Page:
First times on wet tracks don't deter Pegasus winners

By Ron Flatter  ( 

City Of Light's trainer Michael McCarthy gets a hug from his daughter Stella, 8, during an emotionally victorious Pegasus World Cup Invitational news conference. (Ron Flatter photo)

Hallandale Beach, Fla.

So much for needing experience on wet tracks to win America’s two richest horse races. And so much for betting against inexperience.

Both making their maiden voyages in thoroughbred regattas, City Of Light and Bricks And Mortar were dominant in splashing to victories Saturday in the Pegasus World Cup dirt and Turf. Or slop and Swim.

Expertly ridden by Javier Castellano just off and outside of the early pace in the main-track slop, City Of Light (9-5) had more in his engine than the other 11 horses in the $9 million Grade 1 Pegasus World Cup Invitational. He cruised unmatched to a 5¾-length win over Seeking The Soul (34-1).

Betting favorite Accelerate (3-2), the retiring Breeders’ Cup Classic winner, settled for third. That was only his second loss in the past 13 months, both to City Of Light. “He was just like a little kid in the play yard,” Castellano said. “They splash the puddle and keep going.”

About 45 minutes before that, Írad Ortiz Jr. steadily rode Bricks And Mortar (5-2) forward from mid-pack, took the lead with 150 yards to go and finished 2½ lengths clear in the $7 million Grade 1 Pegasus World Cup Turf Invitational. The Coolmore filly Magic Wand (9-1) closed strong and wound up second, a neck in front of fading Delta Prince (9-1). Betting favorite Yoshida (2-1) finished sixth in the 1 3/16-mile race.

It was only the second race for Bricks And Mortar after a 14-month break to recover from what trainer Chad Brown said was an unspecified injury that could have permanently kept him off the track.

“For a little while there I didn’t think I’d have a horse for the race,” said Brown, who scored yet another in a growing list of major victories on the turf. “Dr. Larry Bramlage worked on this horse about 16 months ago when it looked like he might have a career-ending injury. He fixed him.”

The two multimillion-dollar races were run in rain that came down harder as the gray sky bordered on darkness for the climactic race. The main track was sloppy all day after it had been sealed overnight. The turf course was listed as yielding.

“We didn’t know if City Of Light could run in this mud,” his owner Bill Warren said. “It was just so thrilling to watch Javier ride a masterful race.”

It was an emotional victory for City Of Light’s trainer Michael McCarthy. As he choked back tears while holding his 8-year-old daughter Stella during the post-race news conference, McCarthy had trouble finding words to express his gratitude.

“I’d like to thank the (Warren) family,” McCarthy said. “They have done a lot for me personally. I thought the Breeders’ Cup (Dirt Mile victory) was almost like out of body. Today was, I don’t know. I’m very grateful.”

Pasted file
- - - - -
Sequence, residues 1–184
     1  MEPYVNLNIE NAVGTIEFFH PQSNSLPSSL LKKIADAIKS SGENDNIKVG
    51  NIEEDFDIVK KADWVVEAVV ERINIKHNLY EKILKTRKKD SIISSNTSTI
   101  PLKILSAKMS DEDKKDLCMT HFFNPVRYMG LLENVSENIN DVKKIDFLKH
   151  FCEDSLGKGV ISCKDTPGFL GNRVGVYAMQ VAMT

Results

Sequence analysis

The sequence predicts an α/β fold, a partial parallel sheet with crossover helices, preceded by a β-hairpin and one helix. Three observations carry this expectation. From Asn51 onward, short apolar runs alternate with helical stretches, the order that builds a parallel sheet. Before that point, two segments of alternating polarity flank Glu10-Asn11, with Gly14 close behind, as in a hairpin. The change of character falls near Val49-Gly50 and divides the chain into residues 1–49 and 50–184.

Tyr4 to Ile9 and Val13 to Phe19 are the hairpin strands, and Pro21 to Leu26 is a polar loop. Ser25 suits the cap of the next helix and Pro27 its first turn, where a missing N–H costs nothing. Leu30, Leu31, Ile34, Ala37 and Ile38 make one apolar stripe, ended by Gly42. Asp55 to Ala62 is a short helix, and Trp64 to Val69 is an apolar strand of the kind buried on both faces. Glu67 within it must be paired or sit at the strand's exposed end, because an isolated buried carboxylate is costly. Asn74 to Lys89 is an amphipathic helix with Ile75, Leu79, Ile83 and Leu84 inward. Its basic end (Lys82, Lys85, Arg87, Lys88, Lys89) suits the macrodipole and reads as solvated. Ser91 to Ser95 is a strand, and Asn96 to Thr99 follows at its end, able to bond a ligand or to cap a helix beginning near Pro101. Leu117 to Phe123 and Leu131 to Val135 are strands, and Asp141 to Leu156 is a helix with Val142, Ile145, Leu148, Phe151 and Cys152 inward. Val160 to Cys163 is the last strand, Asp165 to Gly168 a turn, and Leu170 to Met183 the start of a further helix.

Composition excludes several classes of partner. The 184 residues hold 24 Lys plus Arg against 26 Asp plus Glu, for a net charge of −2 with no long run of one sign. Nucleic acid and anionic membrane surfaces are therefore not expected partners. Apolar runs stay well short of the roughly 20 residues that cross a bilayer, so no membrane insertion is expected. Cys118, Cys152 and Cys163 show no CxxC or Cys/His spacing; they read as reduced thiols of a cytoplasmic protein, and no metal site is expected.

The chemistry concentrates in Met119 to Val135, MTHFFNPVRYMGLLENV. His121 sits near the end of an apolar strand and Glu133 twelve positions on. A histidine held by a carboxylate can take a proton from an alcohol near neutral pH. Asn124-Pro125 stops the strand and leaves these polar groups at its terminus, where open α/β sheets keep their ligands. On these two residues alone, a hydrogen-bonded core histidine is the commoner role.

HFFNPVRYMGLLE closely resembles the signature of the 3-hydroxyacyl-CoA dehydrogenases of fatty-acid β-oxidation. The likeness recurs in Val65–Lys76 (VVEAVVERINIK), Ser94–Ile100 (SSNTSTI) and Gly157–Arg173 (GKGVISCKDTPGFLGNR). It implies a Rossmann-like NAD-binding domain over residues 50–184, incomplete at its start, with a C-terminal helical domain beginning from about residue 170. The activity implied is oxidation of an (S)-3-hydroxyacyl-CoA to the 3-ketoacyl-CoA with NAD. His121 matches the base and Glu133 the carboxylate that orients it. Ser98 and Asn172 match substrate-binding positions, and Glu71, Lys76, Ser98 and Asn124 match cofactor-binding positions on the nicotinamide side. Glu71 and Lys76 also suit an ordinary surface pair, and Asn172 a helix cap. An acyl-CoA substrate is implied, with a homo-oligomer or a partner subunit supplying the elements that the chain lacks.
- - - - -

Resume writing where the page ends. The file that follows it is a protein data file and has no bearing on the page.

On a track that had five gate-to-wire winners to start the day, City Of Light ran second to early pace-setter Patternrecognition (20-1), the 6-year-old Brown trainee that spent a lot of energy racing to the first turn from his outside post. Patternrecognition eventually faded to finish last in the nine-furlong finale.

Castellano kept City Of Light within a half-length, always staying outside the mud that Patternrecognition was splashing back at the rest of the field.

“He was really doing well on the back side,” Castellano said. “I got more excited on the turn. He had another gear. He exploded and took off again. What a feeling you feel in that moment. That’s amazing.”

In the Turf, Bricks And Mortar was no worse than sixth and no more than 4½ lengths behind. Ortiz had him in second turning into the stretch. Ortiz went left-handed to the whip, gaining ground with every stride until he and Magic Wand outran Delta Prince.

“I thought turning for home, ‘We’ve got this,’” said Frankie Dettori, who rode Delta Prince. “We just got outrun by two good horses in the end.”

Coming back from two dirt races, Yoshida was unable to duplicate the success he found on a yielding course last spring in the Turf Classic at Churchill Downs. He was last of the 10 Turf runners most of the way Saturday, and even though he was hustled forward in the final turn, he never got closer than 4½ lengths.

“He was last, but he was in touch with the field, and I saved ground,” Yoshida’s jockey and Írad’s brother José Ortiz said. “By the back side I wanted to go on, but I had to take back a little and drop back in. I followed Írad from that point on, but he didn’t give me that late kick.”

Saturday’s 12-race card attracted an on-track betting handle of $4.123 million, nearly the same as last year’s $4.131 million in better weather. The total wagered from all sources was $37,786,987, down 10 percent from the $41,983,881 from last year and off 6 percent from the inaugural year’s $40,217,924. No attendance figure was announced.

Ron Flatter’s weekly racing column is posted every Friday morning at and more frequently during coverage of big races. You may also hear the Ron Flatter Racing Pod, posted Friday mornings at and through providers such as Apple Podcasts, Google Play Podcasts and Stitcher.

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